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Martha Stewart Scandal

Accounting ISU
by

Simran Saroya

on 11 November 2012

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Transcript of Martha Stewart Scandal

Simran Saroya Martha Stewart Martha Stewart is the founder and former CEO of Martha Stewart Living Omnimedia Inc. and owned four thousand stocks of ImClone System, a biopharmaceutical company. She was accused of insider trading after she sold four thousand ImClone shares on December 27th. This was a day before the Food and Drug Administration refused to review ImClone System’s cancer drug Erbitux which resulted in the firm’s stock price to drop dramatically. Other than Stewart, four other company executives cashed in shares before the announcement which was too coincidental to be ignored.

Investigations revealed that the CEO of ImClone and a friend of Martha Stewart, Sam Waksal, instructed his broker Peter Bacanovic to sell $7.4 million of his and his daughter’s stocks when he found out the FDA would refuse to review Erbitux. Phone records showed that Bacanovic, also Stewart’s broker, called her office the same day and Stewart’s portion of the stocks were sold minutes later. The Scandal Another ethical issue faced during this case was Martha Stewart’s “false statements” about the stop loss order. Even though she was punished with only a few months in jail and a few years of probation, I feel that the additional loss in brand equity of her company, MSO, can be viewed as supplementary punishment. Does the Punishment
Fit the Crime? The action of Martha Stewart selling her stocks on December 27th was illegal since the information related to the FDA’s decisions was still non-public. The trading was also an ethical issue because it was unfair to all the other investors who never had access to the information. Ethical Issue 4. Martha Stewart Living Omnimedia Inc. branded products viewers- Other than MSO customers, the damage to the company had pushed away advertisers as well as many readers and viewers from her media business.

5. “The Early Show” - Martha Stewart was an “Early Show” contributor in which she would discuss recipes and share other topics in the kitchen. She later cancelled her appearance because of the scandal and refused to take questions about the investigation. Not only did this have an effect on the audience, but on the overall effectiveness and routine of the show. Stakeholders Martha Stewart’s case was handed over to the U.S. Justice Department to investigate whether Stewart had lied to the House Energy and Commerce Committee. Stewart stated she was flying in her private jet to Mexico on December 27th and the only reason she sold the ImClone stocks was because she claimed she had issued a “stop-loss” order to sell the stock if it fell below $60/share. However, her explanation collapsed when Douglas Faneuil, the broker’s assistant who handled the sale of the stocks for Stewart, told lawyers his boss had pressured him to lie about the stop-loss.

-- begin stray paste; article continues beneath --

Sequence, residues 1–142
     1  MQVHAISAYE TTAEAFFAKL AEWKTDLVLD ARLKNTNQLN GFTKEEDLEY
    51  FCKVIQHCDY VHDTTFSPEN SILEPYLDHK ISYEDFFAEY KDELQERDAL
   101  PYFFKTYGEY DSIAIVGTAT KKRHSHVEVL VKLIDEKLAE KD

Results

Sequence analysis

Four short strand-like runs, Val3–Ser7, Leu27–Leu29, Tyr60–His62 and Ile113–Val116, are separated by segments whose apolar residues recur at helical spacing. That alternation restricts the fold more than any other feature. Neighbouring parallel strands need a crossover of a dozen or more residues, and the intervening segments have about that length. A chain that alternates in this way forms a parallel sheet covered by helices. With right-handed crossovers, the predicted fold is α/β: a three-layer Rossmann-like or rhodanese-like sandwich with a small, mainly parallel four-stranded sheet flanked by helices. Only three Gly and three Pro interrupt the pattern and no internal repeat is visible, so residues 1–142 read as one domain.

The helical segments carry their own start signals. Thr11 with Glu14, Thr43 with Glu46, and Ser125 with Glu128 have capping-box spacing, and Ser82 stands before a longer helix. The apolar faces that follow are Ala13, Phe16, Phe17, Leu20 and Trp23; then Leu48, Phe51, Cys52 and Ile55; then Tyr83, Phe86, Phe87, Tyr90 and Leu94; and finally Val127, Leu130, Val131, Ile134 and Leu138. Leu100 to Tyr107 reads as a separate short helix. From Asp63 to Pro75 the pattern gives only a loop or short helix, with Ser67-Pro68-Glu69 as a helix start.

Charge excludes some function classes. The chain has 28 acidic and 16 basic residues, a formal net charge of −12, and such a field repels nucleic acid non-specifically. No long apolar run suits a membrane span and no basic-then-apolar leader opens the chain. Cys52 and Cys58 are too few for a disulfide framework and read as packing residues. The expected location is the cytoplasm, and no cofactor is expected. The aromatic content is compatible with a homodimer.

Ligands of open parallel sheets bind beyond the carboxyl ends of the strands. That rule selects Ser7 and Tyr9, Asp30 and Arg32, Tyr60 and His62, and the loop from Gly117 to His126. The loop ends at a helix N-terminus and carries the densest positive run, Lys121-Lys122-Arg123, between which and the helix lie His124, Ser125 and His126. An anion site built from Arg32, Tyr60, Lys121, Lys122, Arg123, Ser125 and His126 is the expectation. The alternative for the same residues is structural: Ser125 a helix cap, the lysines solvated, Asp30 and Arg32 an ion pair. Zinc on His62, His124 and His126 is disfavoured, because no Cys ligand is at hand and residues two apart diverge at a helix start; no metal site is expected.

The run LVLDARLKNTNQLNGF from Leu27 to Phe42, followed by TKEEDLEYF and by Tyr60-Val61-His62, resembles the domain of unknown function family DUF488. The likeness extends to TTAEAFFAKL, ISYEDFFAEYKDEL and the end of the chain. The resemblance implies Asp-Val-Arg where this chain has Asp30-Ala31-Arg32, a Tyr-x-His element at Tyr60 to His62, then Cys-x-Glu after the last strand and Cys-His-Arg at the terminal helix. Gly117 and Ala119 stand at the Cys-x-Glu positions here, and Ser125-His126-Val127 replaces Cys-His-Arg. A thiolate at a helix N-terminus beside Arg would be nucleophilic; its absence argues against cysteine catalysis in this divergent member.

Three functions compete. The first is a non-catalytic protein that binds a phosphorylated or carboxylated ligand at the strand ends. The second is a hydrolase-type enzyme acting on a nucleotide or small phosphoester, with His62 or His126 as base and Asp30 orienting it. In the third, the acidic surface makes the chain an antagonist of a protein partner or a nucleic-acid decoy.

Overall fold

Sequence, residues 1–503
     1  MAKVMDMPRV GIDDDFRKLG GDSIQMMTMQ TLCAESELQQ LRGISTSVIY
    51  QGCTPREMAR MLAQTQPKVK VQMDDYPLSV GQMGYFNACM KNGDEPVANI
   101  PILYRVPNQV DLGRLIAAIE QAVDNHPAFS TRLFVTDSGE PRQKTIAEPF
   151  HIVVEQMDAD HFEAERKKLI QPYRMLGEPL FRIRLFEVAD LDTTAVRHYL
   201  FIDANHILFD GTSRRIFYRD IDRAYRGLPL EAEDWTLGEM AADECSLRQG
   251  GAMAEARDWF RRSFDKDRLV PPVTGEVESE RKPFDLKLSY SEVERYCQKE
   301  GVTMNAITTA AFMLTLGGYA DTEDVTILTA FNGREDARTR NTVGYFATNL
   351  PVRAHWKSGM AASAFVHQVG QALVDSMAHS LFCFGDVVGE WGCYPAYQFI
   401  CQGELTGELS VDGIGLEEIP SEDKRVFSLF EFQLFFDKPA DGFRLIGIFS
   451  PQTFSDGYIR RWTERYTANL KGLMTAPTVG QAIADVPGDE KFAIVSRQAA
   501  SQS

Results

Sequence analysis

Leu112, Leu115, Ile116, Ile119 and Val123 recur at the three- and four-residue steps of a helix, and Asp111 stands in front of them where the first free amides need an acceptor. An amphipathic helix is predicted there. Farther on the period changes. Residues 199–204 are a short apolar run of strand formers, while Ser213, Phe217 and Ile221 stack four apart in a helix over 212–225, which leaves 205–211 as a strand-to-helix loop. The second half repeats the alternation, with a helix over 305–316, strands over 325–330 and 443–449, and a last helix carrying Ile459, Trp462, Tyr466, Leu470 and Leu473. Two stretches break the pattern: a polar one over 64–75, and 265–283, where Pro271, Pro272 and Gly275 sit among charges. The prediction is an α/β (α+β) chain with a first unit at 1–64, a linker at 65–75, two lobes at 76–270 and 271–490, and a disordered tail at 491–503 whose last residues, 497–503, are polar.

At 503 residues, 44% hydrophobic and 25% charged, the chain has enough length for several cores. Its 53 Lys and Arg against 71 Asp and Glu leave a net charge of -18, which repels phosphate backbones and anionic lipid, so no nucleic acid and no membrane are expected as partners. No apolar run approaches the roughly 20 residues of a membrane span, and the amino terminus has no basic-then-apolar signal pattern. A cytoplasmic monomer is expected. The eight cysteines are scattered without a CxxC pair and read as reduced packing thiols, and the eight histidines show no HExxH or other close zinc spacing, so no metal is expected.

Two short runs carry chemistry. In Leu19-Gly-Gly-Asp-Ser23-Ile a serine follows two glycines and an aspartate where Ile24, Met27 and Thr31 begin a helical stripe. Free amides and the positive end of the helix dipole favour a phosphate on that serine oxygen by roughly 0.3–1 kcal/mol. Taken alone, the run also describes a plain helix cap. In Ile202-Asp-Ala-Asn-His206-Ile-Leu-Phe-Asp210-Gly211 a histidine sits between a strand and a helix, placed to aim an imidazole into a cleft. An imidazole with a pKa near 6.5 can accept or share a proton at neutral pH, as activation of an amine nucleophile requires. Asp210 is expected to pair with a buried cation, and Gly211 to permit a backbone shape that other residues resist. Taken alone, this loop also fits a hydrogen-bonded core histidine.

The jury later found Martha Stewart guilty of four counts of obstruction of justice and lying to investigators. On June 17, 2004, Stewart was sentenced to five months of prison, five months of house arrest, two years of probation and a fine of $30,000. She later resigned as chairwomen and CEO of her company. Result of the Scandal 1. Martha Stewart Living Omnimedia Inc. (MSO) - When a brand is tied to one individual, the individual’s decisions and reputation impacts the whole company because the company is dependent on them. When Martha Stewart was accused and charged of taking part in illegal and unethical conduct, MSO was similarly labelled and directly affected.

2. MSO’s shareholders- Martha Stewart’s company stock price fell about 35 percent within a month of the scandal on the New York Stock Exchange. MSO shareholders lost thousands of dollars and many of them even sued Martha Stewart.

3. Kmart Corporation- Kmart is one of the main retailers that carried MSO products. Due to the scandal, the Martha Stewart brand lost its distinctive edge and image of perfection. This drove away many customers, decreasing sales for Kmart. Stakeholders Does the Punishment Fit the Crime? From an ethical perspective, I feel that the punishment fits the crime. This is because Martha Stewart lost thousands of dollars after the scandal and her company lost brand equity. One of the main ethical issues in this case was that Martha Stewart used information about the FDA to make a decision that gave her a direct advantage over other investors. By selling her stocks based on that information, she avoided a loss of $51000 while all the other ImClone investors suffered due to the decrease in share price. This was unfair for all the other investors, which is why she was reasonably punished with a fine of $30000. On top of that, investors sued Martha Stewart which led to a loss of thousands of more dollars for Stewart. Avoiding the Issue Many things can be done to keep insider trading from arising again. Even though the government has criminal and securities laws on insider trading, companies should make their own insider trading policies. To begin with, companies should make sure that the policy they enforce clearly states the definition of an insider as well as insider information, ensures everyone in the company understands the conditions under which they would become temporary insiders, and how they should approach the situation. Avoiding the Issue Another way to minimize the risk of insider trading is to keep watch on external parties including consultants and advisors. In this case, Martha Stewart was fed information by her broker, Peter Bacanovic, about ImClone which prompted her to sell her stocks.

Similarly, it’s a good idea to keep an internal watchdog or to form an investigation group to monitor the company’s stock trades and look into suspicious trading activities.
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